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  • Wednesday, May 17, 2006


    Dimwit of the Day Award to City of Black Jack, Missouri

    The Dimwit of the Day Award © goes to the City of Black Jack, Missouri and its Mayor Norman McCourt for disgracefully using an antiquated overcrowding ordinance to try to run a law-abiding, tax-paying family out of town ostensibly because there are too many “unrelated” people living in their house, i.e., the unmarried couple and their three children.

    Ms. Shelltrack and Mr. Loving and their family do not pose any threat to the lifelong maintenance of the city's housing stock. They do not pose a threat to new buyers having to repair a residence that was not kept up to code. They do not pose a threat to the general safety and welfare of the city's residents.

    It is a shame Mayor McCourt does not have the courage of his convictions and issue a public statement revealing his true motivation for trying to run this law-abiding, tax-paying American family out of town. In my opinion, his true motivation is that he, and the rest of his merry band of hypocrites, are puritannical, moralistic, cowardly, petty, insufferable prigs, and they are horrified at the thought of an unmarried man and woman living "in sin" together in their little town. Why don't they just admit it?

    St. Louis-area town rejects recognition of unmarried couples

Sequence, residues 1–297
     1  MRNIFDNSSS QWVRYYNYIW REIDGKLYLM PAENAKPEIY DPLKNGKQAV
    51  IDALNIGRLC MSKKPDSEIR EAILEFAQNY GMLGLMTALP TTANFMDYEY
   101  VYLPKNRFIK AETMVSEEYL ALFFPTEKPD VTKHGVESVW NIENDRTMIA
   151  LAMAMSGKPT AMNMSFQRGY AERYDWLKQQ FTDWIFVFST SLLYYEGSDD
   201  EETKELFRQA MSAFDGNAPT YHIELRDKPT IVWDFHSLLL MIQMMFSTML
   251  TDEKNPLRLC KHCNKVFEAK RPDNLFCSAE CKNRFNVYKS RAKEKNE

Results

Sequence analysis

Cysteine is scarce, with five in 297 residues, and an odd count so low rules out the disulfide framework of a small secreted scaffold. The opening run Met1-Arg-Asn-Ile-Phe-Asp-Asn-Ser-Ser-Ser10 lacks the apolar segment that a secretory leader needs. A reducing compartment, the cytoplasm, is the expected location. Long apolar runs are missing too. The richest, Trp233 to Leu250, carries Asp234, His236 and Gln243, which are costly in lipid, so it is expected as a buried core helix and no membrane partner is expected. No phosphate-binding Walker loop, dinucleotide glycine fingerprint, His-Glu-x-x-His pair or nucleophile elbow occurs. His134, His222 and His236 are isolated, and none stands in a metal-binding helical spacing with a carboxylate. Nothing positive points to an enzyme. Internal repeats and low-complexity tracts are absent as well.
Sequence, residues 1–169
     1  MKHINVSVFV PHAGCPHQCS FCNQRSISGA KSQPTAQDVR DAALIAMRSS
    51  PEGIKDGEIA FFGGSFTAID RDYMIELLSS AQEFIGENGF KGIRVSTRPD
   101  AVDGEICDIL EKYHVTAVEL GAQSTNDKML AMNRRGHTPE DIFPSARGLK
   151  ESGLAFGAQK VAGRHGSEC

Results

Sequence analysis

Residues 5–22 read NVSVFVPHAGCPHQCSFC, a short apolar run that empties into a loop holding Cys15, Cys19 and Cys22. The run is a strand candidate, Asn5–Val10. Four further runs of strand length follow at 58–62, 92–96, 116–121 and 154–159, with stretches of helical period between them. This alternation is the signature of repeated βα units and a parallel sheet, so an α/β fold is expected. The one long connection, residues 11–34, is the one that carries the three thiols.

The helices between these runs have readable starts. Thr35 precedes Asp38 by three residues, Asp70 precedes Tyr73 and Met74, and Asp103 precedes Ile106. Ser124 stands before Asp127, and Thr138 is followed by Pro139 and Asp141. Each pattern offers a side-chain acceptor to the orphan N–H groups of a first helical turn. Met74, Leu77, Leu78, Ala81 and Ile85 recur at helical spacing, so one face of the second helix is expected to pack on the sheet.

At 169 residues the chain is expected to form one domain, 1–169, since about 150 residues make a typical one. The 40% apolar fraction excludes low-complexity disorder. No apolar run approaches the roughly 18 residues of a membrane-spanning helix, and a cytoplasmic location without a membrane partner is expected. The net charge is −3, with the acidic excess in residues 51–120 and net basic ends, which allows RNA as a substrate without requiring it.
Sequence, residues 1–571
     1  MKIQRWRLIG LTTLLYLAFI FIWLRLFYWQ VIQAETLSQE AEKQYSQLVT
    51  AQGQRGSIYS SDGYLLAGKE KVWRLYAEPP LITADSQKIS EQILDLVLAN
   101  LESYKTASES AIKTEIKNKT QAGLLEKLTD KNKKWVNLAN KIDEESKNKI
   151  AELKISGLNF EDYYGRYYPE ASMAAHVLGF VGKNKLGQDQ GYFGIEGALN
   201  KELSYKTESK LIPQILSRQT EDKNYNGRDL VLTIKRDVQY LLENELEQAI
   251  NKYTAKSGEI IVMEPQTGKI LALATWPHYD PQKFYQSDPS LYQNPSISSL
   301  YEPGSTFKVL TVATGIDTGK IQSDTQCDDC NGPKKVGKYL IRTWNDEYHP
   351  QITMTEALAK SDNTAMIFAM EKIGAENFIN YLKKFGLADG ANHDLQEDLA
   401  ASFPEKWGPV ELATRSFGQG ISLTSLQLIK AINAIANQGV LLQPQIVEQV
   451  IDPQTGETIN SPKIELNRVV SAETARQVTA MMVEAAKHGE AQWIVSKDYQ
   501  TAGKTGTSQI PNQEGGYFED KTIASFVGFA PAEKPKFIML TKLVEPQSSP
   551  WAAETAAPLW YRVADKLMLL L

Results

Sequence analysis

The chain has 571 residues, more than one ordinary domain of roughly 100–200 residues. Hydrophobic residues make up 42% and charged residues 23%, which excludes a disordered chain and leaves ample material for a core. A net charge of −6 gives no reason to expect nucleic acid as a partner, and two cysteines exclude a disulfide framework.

Associated Press
    BLACK JACK, Mo. - The city council in the St. Louis County town Black Jack has rejected a measure that would have changed the definition of a family to include unmarried couples with two or more children.

    The measure was rejected Tuesday in a 5-3 vote. As a result, Mayor Norman McCourt said in a statement that those who do not meet the town's definition of family could soon face eviction.

    "The purpose of these occupancy permit laws generally is to avoid overcrowding by non-related parties, assure the lifelong maintenance of the city's housing stock, prevent new buyers from being obligated to repair residences that were not kept up to code, preserve the character of the neighborhoods and the city, and to protect the general safety and welfare of the city's residents," the statement read. He declined to be interviewed.

    In February, Olivia Shelltrack and Fondrey Loving were denied an occupancy permit because they have three children and are not married. The move generated much attention and the proposal from the town's planning and zoning commission to change the law.

    The commission's proposal would have allowed "two unrelated individuals having a child or children related by blood, adoption or foster care relationship to both such individuals" to live together in a single-family dwelling.

    The current ordinance prohibits more than three people from living together unless they are related by "blood, marriage or adoption." It had been used to prevent unwed people from living together with their children.

    Black Jack's special counsel, Sheldon Stock, declined to say whether the city will seek to remove Loving and Shelltrack from their home.

    The couple told the St. Louis Post-Dispatch they were surprised by the decision but that marriage remains a low priority for them.

    "I'm just shocked," Shelltrack said. "I really thought this would all be over, and we could go on with our lives."
    Black Jack resident Rose Curtis, 65, said she thought the council made the right decision.

    "As a woman, I'm not going to let a man have babies by me and not marry me," Curtis said. "I think it was a fair decision. It's cut and dried."

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